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I have this configuration in my app.config:

    </binding>
  </basicHttpBinding>
</bindings>



<behaviors>
  <serviceBehaviors>
    <behavior name="myBehavior">
      <serviceMetadata httpGetEnabled="true"/>
      <serviceDebug includeExceptionDetailInFaults="true"/>
    </behavior>
  </serviceBehaviors>
</behaviors>

I want to expose this service programmatically from my desktop app:

I define the host instance:

ServiceHost host = new ServiceHost(typeof(MyType), new Uri("http://" + hostName + ":" + port + "/MyName"));

Then I add the endpoint with it's binding:

var binding = new BasicHttpBinding("myBinding");
host.AddServiceEndpoint(typeof(IMyInterface), binding, "MyName");

Now, I want to replace the folowing code with some code that reads the behavior named myBehavior from the config file, and not hard-coding the behavior options.

ServiceMetadataBehavior smb = new ServiceMetadataBehavior() { HttpGetEnabled = true };    
host.Description.Behaviors.Add(smb);   
// Enable exeption details
ServiceDebugBehavior sdb = host.Description.Behaviors.Find<ServiceDebugBehavior>();
sdb.IncludeExceptionDetailInFaults = true;

Then, I can open the host.

host.Open();

* EDIT *

Configuring Services Using Configuration Files

You shouldn't need this way, you should make the host takes its configuration automagically from the config file, and not giving them manually, read this article (Configuring Services Using Configuration Files), it will help you, I have hosted my service in a single line in C# and few ones in config.

This is a second article about (Configuring WCF Services in Code), my fault is that i was trying to mix the two ways!

I will add this as an answer.

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There are legitimate reasons not to use a config file, i.e retrieving addresses and such from an external source. –  Craig Brett May 20 at 7:39
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2 Answers

up vote 3 down vote accepted

First, you need to open the configuration file by either using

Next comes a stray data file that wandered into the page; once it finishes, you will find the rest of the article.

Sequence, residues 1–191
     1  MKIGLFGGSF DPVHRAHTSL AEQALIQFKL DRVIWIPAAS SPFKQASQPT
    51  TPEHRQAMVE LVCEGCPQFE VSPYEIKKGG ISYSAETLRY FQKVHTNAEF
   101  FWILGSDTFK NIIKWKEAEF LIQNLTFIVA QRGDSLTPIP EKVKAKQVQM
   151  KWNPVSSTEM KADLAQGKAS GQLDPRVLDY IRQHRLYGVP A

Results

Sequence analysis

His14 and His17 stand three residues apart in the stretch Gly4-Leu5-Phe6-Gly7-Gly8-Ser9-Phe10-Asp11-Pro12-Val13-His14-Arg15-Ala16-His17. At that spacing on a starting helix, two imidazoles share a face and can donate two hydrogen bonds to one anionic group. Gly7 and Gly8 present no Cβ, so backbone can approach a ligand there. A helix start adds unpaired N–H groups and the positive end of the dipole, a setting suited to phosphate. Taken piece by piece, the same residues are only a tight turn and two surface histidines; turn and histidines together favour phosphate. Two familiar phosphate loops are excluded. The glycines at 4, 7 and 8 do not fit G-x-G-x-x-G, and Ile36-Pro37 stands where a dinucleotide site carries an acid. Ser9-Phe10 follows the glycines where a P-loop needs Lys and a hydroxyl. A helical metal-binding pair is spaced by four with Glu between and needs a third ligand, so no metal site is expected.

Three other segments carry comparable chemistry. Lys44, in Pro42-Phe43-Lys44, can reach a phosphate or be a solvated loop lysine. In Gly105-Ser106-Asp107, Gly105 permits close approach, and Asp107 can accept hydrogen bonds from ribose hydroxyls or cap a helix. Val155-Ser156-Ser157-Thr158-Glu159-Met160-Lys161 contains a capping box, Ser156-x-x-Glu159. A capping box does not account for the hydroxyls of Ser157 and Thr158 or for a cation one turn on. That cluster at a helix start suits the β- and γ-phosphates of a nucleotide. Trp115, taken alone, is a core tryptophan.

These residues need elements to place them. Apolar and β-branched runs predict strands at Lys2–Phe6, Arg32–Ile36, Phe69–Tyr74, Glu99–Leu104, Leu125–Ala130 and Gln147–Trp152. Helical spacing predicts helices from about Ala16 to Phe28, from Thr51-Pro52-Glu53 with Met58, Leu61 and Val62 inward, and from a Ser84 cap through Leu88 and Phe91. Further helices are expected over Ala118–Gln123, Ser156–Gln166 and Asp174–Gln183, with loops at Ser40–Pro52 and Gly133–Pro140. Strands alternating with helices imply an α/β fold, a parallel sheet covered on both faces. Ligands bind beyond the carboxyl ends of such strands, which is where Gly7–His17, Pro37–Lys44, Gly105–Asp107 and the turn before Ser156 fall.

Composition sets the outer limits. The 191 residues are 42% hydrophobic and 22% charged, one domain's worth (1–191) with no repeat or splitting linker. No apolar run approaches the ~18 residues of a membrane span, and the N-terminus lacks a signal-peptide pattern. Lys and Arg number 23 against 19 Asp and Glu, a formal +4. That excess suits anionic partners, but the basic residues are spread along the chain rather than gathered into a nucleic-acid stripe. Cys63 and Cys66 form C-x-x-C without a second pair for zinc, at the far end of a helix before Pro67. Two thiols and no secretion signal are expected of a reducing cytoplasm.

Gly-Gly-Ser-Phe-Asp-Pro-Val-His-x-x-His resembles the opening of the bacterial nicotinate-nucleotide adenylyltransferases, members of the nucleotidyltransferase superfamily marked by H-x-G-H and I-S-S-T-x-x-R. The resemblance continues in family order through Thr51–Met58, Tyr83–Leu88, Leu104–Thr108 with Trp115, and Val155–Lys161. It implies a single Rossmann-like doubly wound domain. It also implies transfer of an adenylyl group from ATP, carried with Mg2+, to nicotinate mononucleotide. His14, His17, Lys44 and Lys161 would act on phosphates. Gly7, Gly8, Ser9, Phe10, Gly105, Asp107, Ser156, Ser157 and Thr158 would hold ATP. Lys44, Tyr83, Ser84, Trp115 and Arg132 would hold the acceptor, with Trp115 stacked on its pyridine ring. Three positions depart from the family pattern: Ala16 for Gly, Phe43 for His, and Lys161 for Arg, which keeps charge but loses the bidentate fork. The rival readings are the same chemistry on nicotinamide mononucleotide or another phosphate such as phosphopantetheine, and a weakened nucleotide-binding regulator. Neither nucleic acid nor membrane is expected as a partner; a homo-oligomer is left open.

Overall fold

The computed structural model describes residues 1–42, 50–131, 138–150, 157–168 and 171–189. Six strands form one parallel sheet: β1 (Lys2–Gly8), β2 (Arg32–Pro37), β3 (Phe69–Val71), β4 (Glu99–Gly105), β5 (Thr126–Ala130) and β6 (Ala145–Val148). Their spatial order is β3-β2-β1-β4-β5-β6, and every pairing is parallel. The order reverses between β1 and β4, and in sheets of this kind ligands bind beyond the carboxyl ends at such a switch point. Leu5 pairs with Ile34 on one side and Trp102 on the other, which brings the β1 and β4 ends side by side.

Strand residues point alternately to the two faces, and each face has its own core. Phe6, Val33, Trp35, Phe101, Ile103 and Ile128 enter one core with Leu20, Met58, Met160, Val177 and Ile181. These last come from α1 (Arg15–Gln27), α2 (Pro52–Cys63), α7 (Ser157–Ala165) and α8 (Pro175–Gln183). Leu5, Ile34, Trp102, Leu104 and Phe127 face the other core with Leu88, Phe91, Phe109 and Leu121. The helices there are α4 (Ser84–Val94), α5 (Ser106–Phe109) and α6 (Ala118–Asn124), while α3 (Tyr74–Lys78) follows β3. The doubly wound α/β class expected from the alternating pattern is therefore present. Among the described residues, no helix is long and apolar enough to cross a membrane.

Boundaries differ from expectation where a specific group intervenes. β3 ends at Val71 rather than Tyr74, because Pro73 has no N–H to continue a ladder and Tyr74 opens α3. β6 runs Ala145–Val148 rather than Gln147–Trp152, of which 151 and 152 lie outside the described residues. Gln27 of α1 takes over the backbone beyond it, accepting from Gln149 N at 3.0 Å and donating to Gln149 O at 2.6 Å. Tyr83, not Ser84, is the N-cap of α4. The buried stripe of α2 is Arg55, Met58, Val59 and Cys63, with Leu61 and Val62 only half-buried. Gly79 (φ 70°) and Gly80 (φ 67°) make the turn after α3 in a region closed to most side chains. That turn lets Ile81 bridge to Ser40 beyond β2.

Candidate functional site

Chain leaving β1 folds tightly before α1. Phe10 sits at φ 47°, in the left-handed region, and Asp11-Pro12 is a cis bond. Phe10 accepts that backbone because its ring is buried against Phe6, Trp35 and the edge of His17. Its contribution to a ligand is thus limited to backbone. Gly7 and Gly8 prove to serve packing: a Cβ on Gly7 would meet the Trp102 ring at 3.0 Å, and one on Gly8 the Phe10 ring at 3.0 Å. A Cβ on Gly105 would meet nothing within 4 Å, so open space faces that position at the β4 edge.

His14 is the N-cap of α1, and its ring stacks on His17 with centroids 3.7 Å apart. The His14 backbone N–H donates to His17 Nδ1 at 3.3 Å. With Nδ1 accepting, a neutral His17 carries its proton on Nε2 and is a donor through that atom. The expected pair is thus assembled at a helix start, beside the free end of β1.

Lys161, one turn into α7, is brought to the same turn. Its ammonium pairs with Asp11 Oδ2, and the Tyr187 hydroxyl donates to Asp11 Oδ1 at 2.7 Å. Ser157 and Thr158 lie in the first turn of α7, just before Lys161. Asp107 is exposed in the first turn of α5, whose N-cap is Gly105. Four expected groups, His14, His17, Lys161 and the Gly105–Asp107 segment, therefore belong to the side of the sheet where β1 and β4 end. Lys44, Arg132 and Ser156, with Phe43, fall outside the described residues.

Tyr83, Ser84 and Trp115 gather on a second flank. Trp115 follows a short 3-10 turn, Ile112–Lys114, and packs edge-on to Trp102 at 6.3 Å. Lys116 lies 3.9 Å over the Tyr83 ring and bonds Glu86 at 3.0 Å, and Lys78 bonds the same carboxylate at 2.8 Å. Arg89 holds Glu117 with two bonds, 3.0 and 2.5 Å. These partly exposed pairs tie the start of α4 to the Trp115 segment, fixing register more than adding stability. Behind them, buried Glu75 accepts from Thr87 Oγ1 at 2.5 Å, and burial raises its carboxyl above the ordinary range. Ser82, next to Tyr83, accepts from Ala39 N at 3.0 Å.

var config = ConfigurationManager.OpenExeConfiguration(ConfigurationUserLevel.None);

or

var map = new ExeConfigurationFileMap();
map.ExeConfigFilename = "app.config";
var config = ConfigurationManager.OpenMappedExeConfiguration(map, ConfigurationUserLevel.None);

Then you read the behaviors:

var bindings = BindingsSection.GetSection(config);
var group = ServiceModelSectionGroup.GetSectionGroup(config);
foreach (var behavior in group.Behaviors.ServiceBehaviors)
{
    Console.WriteLine ("BEHAVIOR: {0}", behavior);
}

Note that these are of type System.ServiceModel.Configuration.ServiceBehaviorElement, so not quite what you want yet.

If you don't mind using a private APIs, you can call the protected method BehaviorExtensionElement.CreateBehavior() via reflection:

foreach (BehaviorExtensionElement bxe in behavior)
{
    var createBeh = typeof(BehaviorExtensionElement).GetMethod(
        "CreateBehavior", BindingFlags.Instance | BindingFlags.NonPublic);
    IServiceBehavior b = (IServiceBehavior)createBeh.Invoke(bxe, new object[0]);
    Console.WriteLine("BEHAVIOR: {0}", b);
    host.Description.Behaviors.Add (b);
}
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Huuuuuuge, Awesome man :) –  Mohamed Sakher Sawan Dec 26 '12 at 10:18
add comment

Configuring Services Using Configuration Files

You shouldn't need this way, you should make the host takes its configuration automagically from the config file, and not giving them manually, read this article (Configuring Services Using Configuration Files), it will help you, I have hosted my service in a single line in C# and few ones in config.

This is a second article about (Configuring WCF Services in Code), my fault is that i was trying to mix the two ways!

share|improve this answer
add comment

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